Shortly after Grandma's death, Peter decides to go to a party at his friend's place. Annie, noticing that Charlie has really withdrawn into herself since her grandmother's death, forces Peter to bring his sister along. At the party, Charlie accidentally eats a piece of cake that's filled with nuts (which she is allergic to). Don't ask me what a nutty cake is doing at a party — I don't know about teenagers these days. Charlie has a severe allergic reaction and her throat starts to close up. Peter frantically speeds to the hospital, trying to get her there in time. He swerves to avoid hitting some roadkill, right as Charlie sticks her head out the car window, trying to catch her breath. In some kind of freak accident, Peter's swerve perfectly aligns with a telephone pole, and Charlie is beheaded and killed instantly.
Still with me? I know. It's a lot.
Annie completely falls apart, and the rest of the family aren't in great shape either. At this point, the whole family begins experiencing strange apparitions. Annie thinks she sees her mother in the shadows of the house. Peter thinks he hears his sister. It's all very strange. Through a grief support group, Annie meets an old friend of her mother's named Joan (Ann Dowd). Joan has also lost a loved one.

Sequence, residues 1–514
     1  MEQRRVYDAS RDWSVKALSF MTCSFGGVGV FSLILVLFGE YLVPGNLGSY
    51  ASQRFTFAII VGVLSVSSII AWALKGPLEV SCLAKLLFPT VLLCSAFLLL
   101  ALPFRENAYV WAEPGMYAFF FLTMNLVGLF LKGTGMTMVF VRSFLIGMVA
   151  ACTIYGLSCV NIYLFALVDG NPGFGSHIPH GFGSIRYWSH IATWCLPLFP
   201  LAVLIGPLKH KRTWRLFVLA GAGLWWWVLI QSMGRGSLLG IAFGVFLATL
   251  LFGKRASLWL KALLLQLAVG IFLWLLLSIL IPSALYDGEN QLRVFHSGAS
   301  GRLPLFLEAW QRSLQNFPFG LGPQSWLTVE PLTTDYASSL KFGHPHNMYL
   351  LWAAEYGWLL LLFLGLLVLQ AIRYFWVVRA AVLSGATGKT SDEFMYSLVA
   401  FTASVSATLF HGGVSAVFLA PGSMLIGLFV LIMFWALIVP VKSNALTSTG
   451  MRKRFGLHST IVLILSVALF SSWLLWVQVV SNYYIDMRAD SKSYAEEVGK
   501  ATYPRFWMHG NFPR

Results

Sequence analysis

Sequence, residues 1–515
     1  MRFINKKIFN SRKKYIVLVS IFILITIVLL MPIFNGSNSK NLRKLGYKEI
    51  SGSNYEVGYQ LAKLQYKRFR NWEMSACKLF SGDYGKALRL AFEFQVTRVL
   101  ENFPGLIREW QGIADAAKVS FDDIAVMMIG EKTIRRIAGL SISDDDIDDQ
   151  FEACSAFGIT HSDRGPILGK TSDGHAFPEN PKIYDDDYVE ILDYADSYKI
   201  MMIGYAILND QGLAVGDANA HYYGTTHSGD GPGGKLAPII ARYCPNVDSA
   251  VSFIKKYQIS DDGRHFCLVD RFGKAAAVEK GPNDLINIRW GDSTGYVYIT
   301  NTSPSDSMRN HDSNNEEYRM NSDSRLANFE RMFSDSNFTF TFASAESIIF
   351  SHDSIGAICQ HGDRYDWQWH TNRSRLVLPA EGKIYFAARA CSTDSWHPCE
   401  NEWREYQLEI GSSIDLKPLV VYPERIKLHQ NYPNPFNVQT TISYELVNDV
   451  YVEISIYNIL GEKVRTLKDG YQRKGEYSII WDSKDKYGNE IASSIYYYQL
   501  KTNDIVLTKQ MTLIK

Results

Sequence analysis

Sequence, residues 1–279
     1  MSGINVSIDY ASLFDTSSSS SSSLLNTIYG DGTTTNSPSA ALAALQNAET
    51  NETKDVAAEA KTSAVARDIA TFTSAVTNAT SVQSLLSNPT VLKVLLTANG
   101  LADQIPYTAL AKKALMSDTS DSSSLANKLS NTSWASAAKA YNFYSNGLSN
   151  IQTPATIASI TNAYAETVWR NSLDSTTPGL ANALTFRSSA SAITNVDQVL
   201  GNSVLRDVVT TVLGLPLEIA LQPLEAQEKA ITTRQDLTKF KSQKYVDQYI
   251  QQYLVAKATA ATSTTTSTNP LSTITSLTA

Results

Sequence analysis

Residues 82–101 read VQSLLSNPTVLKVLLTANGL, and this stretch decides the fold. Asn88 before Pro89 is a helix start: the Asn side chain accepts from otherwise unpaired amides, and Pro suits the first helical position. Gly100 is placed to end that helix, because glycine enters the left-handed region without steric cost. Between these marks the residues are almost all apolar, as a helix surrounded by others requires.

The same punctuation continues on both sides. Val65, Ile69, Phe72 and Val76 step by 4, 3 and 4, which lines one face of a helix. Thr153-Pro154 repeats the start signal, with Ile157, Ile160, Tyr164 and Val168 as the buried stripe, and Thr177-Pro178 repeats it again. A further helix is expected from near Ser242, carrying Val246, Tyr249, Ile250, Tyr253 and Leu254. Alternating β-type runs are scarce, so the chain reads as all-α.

Some time passes. Joan runs into Annie and tells her of a miraculous experience: she's met with a psychic medium, and she's managed to communicate with the spirit of her dead grandchild! Annie seems completely incredulous, but is flabbergasted when Joan shows her firsthand. Joan gives Annie the special ghost candle and an incantation that will allow her to communicate with Charlie.